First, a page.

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I created a class called MostRecentStack<T> which is a stack that only keeps a certain number of items, dropping the ones at the bottom to make room for new ones. I'd like to have a variable that can store a reference to either a regular ("infinite") stack, or one of my custom type, depending on the circumstances, but C# defines no generic "stack" interface. Normally this wouldn't be a problem, but I'd like System.Collections.Generic.Stack<T> to implement the interface as well.

As long as a class provides the required members, is there any way to, in the interface definition, tell the compiler to consider a class as implementing the interface? I'd like to be able to do this without having to use as or other methods of typecasting.

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To implement an interface, a class needs to be declared as implementing the interface, so what you want isn't quite possible. You COULD derive a class from System.Collections.Generic.Stack<T> which does nothing new except implement the new interface. Then you can use that derived class in place of System.Collections.Generic.Stack<T> in your code. –  Baldrick Nov 2 '13 at 2:49
Good idea! You should submit that as an answer so, provided nobody has a better idea, I can mark it as accepted. Thanks! –  flarn2006 Nov 2 '13 at 2:55
Very glad it's helpful, I've added it as an answer. –  Baldrick Nov 2 '13 at 3:01

2 Answers 2

up vote 4 down vote accepted

The exact thing you're asking for isn't possible. However, something like should be very similar to what you want:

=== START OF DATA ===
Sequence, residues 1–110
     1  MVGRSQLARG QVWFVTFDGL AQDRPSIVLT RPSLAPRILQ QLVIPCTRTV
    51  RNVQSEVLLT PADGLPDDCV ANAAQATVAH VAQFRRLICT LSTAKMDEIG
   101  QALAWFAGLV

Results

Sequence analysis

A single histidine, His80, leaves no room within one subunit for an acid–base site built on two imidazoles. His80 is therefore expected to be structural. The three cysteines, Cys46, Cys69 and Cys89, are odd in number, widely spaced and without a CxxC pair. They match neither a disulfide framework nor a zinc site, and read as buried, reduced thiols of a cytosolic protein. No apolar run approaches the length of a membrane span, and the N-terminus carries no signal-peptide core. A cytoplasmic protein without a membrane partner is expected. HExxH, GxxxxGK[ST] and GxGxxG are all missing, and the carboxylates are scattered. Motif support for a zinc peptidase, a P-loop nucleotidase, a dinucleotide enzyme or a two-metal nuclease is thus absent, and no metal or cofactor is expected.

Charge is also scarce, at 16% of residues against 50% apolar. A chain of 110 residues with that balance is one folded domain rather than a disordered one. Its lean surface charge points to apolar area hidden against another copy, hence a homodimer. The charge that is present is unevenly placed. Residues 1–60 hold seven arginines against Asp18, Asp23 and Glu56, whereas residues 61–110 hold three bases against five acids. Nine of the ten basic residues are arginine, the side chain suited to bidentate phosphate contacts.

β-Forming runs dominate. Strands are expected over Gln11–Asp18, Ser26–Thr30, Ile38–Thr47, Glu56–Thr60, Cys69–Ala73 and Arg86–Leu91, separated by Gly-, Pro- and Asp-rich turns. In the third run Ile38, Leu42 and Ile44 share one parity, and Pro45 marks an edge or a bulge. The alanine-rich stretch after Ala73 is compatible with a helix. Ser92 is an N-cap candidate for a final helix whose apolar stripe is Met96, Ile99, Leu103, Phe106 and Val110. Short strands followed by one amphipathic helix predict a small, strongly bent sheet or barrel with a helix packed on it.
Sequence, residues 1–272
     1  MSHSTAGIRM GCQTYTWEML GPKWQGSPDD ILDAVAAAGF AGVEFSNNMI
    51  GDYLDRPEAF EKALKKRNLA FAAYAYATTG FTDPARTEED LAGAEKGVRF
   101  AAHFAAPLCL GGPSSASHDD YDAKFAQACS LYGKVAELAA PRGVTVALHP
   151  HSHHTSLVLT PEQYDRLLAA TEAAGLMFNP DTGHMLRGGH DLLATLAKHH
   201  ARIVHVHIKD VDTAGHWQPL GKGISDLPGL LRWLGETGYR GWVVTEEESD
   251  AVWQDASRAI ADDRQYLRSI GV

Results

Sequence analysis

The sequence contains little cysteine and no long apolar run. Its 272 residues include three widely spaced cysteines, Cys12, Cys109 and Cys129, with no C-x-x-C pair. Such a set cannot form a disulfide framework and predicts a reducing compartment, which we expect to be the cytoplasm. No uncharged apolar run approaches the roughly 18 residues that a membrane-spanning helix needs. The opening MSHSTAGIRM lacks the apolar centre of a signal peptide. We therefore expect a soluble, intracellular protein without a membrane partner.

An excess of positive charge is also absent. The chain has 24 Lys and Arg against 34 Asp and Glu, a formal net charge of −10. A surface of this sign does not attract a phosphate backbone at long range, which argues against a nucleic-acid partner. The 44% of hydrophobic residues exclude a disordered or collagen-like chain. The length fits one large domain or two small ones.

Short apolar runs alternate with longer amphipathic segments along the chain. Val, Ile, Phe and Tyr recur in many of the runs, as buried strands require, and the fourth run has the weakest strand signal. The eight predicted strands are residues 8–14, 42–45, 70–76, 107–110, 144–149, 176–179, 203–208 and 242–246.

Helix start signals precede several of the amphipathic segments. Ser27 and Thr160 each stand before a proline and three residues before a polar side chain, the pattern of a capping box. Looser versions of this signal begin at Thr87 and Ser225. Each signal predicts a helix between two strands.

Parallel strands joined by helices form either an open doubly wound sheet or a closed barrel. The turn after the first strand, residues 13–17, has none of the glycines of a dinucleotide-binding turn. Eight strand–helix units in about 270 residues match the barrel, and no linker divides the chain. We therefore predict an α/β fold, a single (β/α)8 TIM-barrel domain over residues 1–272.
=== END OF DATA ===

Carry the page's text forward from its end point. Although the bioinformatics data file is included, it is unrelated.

public class CompatibleStack<T> : System.Collections.Generic.Stack<T>, IYourStackInterface<T>

The CompatibleStack is functionally equivalent to System.Collections.Generic.Stack, except it now implements IYourStackInterface.

As long as System.Collections.Generic.Stack has all the right members to implement IYourStackInterface, this should compile fine. And you can pass a CompatibleStack around as an IYourStackInterface without any problems.

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Accepted because this is what I ended up doing. Thanks again! –  flarn2006 Nov 2 '13 at 3:23

No, it is not possible to add new interface to existing class that you don't own. Options:

  • if you get instance of the class via some dependency injection controller you may be able to wrap class with proxy that will implement interface by calling matching methods.
  • you can simply derive from existing class and add interface (if it is not sealed) and start using your class.
  • in your particular case as Baldrick pointed out you can do reverse - derive from existing class and implement interface.
  • you can try to use dynamic to get some duck typing (as both classes will have matching methods) for some performance, readability and strong type cost.

Side note: in general C# does not support duck typing, but there is one case (foreach) where implementing interface is not strictly required - just having correct methods on collection is enough to support foreach.

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Not just one (foreach): also applies to the LINQ operators (where, select, etc.) when using query comprehension syntax, and await (when using async). –  Kirk Woll Nov 2 '13 at 3:32

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